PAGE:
It took Israeli Prime Minister Benjamin Netanyahu a little over a month to acknowledge that even after two brutal national election campaigns, he remained unable to form Israel’s next government.
On Monday night, in a defiant video, he announced that his efforts had fallen short and that he would hand the “mandate” to form a government back to President Reuven Rivlin, who almost immediately announced that he would ask opposition leader Benny Gantz, a former army chief of staff, to attempt to succeed where Netanyahu had failed.
On Tuesday, for the first time in 11 years, a man other than Netanyahu will be tasked with leading Israel.
Netanyahu laid blame for his failure squarely on Gantz’s shoulders, saying the general’s “recalcitrance” and reliance on the support of Arab-majority parties kept the two of them from forming a power-sharing government of national unity. Gantz and his Blue and White party narrowly edged Netanyahu’s Likud Party in voting in September, but were unable to attract enough support from smaller parties to form a government.
“The time for spin is over,” Blue and White declared in a published statement. “Now is the time for action. Blue and White is determined to form a liberal national unity government led by Benny Gantz, whom the people elected about a month ago.”
An aspiring prime minister must have the support of a majority of the 120 members of the Knesset, Israel’s parliament, to present a government. For now, Gantz has 54 endorsements, and Netanyahu 55, with 11 lawmakers committed to neither of them. Because Netanyahu was able to secure more votes in parliament, if not at the ballot box, Rivlin gave him first crack at creating a government.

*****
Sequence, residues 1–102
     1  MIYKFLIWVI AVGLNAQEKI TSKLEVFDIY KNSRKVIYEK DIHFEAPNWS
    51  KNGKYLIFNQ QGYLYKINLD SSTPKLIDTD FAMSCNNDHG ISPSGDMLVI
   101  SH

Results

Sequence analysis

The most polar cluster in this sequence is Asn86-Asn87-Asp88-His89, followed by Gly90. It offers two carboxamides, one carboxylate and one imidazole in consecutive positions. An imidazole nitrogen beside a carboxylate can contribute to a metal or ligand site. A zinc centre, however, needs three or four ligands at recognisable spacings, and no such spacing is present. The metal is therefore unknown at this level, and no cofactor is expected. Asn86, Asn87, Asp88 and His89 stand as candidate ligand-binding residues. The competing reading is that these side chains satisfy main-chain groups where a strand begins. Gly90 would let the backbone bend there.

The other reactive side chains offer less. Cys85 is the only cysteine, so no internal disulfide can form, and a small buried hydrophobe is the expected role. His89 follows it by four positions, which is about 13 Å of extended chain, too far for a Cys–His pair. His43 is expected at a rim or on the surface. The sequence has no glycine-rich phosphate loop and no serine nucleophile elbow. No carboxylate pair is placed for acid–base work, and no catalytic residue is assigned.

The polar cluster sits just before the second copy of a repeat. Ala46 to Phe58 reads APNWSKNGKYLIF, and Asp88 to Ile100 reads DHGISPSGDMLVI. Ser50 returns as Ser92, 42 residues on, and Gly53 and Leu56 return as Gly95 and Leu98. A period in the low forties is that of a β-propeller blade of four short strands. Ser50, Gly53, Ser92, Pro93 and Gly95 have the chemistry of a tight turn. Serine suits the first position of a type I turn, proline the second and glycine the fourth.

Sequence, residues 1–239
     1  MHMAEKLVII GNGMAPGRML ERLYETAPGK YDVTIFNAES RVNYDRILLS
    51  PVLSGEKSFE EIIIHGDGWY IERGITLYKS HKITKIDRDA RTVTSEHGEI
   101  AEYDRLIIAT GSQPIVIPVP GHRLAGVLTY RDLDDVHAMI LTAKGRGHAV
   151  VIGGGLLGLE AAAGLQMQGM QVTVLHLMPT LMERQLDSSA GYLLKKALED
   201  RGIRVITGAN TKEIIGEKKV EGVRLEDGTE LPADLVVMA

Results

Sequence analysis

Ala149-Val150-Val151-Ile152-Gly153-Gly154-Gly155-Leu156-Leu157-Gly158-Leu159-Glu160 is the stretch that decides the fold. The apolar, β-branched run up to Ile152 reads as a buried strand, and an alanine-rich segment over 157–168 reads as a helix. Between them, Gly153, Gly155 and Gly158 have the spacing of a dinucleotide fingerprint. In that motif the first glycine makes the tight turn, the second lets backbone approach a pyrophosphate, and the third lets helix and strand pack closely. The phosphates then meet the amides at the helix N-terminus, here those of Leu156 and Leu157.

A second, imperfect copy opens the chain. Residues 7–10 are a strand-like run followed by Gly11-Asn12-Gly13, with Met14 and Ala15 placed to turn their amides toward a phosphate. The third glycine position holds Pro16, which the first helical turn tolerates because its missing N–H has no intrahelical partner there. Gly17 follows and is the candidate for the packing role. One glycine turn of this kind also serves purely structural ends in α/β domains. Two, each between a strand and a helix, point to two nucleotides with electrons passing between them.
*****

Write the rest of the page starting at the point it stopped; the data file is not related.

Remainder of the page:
Gantz, 60, promises to heal sectarian divisions and shore up the institutions of Israeli democracy after the unruly last years of Netanyahu’s decade in office, in which he has condemned Israel’s large Arab minority, 20% of the population, as supporters of terror and, as corruption investigations piled up, accused the press, the police, the judiciary and Rivlin, a fellow member of the Likud, of participating in a left-wing conspiracy against his rule.
If Gantz also comes up short, the deadlock is likely to lead Israel to a third round of elections in less than a year.
Netanyahu vowed to remain firmly in the political fray, no matter what comes next.
Outlining a scenario in which Israel would no longer be able to fend for itself against the threats of Iran and the militant groups it supports — Hamas and Hezbollah — Netanyahu said in the video that “if Gantz is tempted into forming such a dangerous government, I will lead the opposition and work together with my colleagues to topple it rapidly.”
The matter, however, may not be entirely in his hands.
Early this month, Netanyahu — and Israel — entered uncharted waters when he underwent a four-day hearing led by Atty. Gen. Avichai Mandelblit, the final step before criminal indictments, which are expected to be formally served next month.
He is the first Israeli prime minister to face indictment while in office. He is accused of fraud, bribery and breach of trust in three unrelated cases involving the alleged exchange of gifts for political favors and his alleged improper intervention with media companies and regulators so as to receive positive news coverage.